aggressive fighting unit, that also often bears the characteristics of "hyper masculinity"
-- stressing the stereotypes of physical strength, courage when facing physical
threats, aggression, and sexuality. No one should therefore be surprised that
military life also includes strip clubs, pornography, and binge drinking --
most often seen as "necessary" but unofficial forms of male bonding for unit
when the core task of an organization is the effective application of organized
violence, this violence must also be carefully constrained. Soldiers or units
that direct their violence and aggression -- sexual or not -- against their
peers, subordinates, or commanding officers, or that kill and rape the local
population, become strategic liabilities -- especially in an environment of
constant and global media coverage informed by anyone with a mobile phone.
warrior ideal, in its current exaggerated hyper-masculine form, has a very dark
side of the same coin -- it fails to constrain violence to a large enough
extent. The failure to achieve long-term success in Afghanistan and Iraq can
certainly not be blamed solely on military culture, but it is at the same time
clear that the epic disasters ranging from an overly aggressive stance of many
infantry units in the early stages of the reconstruction phase in Iraq, to
abuse in Abu Ghraib, the massacre in Haditha, and Quran burning and body urination incidents in
Afghanistan, have all had profound strategic consequences that almost no amount
of positive work could salvage.
official defense in most high-publicity cases is that these events are never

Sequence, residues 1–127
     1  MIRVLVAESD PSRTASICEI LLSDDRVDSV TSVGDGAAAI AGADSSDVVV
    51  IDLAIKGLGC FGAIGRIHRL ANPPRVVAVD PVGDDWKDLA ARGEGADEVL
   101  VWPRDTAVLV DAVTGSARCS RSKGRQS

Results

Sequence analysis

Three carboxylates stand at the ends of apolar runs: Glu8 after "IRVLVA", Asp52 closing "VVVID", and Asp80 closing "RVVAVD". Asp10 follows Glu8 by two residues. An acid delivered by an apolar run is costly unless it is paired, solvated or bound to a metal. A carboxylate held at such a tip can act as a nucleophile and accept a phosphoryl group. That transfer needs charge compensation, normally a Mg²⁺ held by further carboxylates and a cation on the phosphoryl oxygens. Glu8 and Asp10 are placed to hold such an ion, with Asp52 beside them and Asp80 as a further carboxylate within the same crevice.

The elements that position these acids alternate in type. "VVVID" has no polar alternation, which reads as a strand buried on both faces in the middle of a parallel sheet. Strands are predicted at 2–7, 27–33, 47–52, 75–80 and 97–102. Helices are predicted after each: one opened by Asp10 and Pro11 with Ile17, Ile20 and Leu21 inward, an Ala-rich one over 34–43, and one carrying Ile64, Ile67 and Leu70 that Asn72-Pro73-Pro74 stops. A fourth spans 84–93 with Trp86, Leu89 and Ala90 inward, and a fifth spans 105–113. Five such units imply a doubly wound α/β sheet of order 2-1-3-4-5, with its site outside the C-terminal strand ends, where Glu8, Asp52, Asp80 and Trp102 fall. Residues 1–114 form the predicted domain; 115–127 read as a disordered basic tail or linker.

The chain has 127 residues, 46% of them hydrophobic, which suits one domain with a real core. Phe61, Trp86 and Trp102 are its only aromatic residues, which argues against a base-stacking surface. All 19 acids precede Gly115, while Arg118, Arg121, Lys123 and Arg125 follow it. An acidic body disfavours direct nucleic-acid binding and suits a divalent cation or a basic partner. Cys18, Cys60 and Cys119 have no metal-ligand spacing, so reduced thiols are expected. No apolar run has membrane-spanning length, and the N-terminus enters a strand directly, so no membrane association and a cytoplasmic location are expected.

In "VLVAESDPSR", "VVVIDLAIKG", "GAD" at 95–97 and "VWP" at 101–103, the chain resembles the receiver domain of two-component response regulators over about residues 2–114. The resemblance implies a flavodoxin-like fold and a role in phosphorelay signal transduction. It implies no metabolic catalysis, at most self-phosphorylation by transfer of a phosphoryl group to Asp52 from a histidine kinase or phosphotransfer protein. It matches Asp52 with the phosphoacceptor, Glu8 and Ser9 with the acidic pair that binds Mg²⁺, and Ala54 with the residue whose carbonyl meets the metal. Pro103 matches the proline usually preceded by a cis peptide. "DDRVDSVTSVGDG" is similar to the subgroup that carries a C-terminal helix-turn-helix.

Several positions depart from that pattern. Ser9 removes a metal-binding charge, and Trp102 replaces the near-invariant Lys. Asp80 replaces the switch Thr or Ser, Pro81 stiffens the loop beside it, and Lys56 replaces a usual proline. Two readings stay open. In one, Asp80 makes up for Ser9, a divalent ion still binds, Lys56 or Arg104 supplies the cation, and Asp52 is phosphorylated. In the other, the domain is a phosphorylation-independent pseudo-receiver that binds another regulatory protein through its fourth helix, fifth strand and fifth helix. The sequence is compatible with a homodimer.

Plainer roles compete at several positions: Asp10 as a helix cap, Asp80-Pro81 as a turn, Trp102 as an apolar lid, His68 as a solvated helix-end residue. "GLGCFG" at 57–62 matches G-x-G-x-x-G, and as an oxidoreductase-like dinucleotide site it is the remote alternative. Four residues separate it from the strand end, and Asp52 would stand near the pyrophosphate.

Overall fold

the sign of a fundamental cultural problem, but the isolated acts of a few
rotten eggs in an otherwise perfect organization. "Any big organization has
them..." The exact same analysis is made with reference to sexual assault. Again,
the response is to deter these rotten eggs through new legal procedures, by
teaching commanders to recognize sexual assault when they see it, and by making
it easier for victims of assault to report these crimes.
to resolve the problem of sexual assault in the armed forces, military
organizations need to deal with the root of the problem -- the military culture
it has created and promoted in the first place. That means going back to the
drawing board regarding its view of the ideal soldier, what type of
characteristics should be sought after by recruiters, what type of values should
be emphasized in soldier and officer training, the way we can achieve unit
cohesion, and what we reward as appropriate or exceptional behavior.
Researchers argue that it is perfectly possible for humans to distinguish
between different moral boundaries. Thus, creating effective killers (which we
simply cannot shy away from) does not necessarily lead to unintended byproducts
of sexual assaults and war crimes. We can both retain competence within the
core task of the military, while at the same time changing the values and
attitudes towards women, sexual violence, and restraint on the battlefield.
only would such fundamental changes through bottom-up approaches stand a chance
of changing the culture that is connected to the appalling levels of sexual
abuse in the military, it may also produce more effective fighting units that
will stand a better chance of achieving the complex tasks (beyond the massive
use of force) that military organizations are often asked to perform in
Robert Egnell is a visiting professor and director of teaching in the Security
Studies Program at Georgetown University, as well as the senior faculty advisor
for the Georgetown Institute for Women, Peace and Security. He is the author
Military Effectiveness and Organizational Change: The Swedish Model (Palgrave,
forthcoming 2014) and co-author with David Ucko of Counterinsurgency in Crisis: Britain and the
Challenges of Modern Warfare (Columbia 2013). He is also an officer in the
Swedish Army Reserves.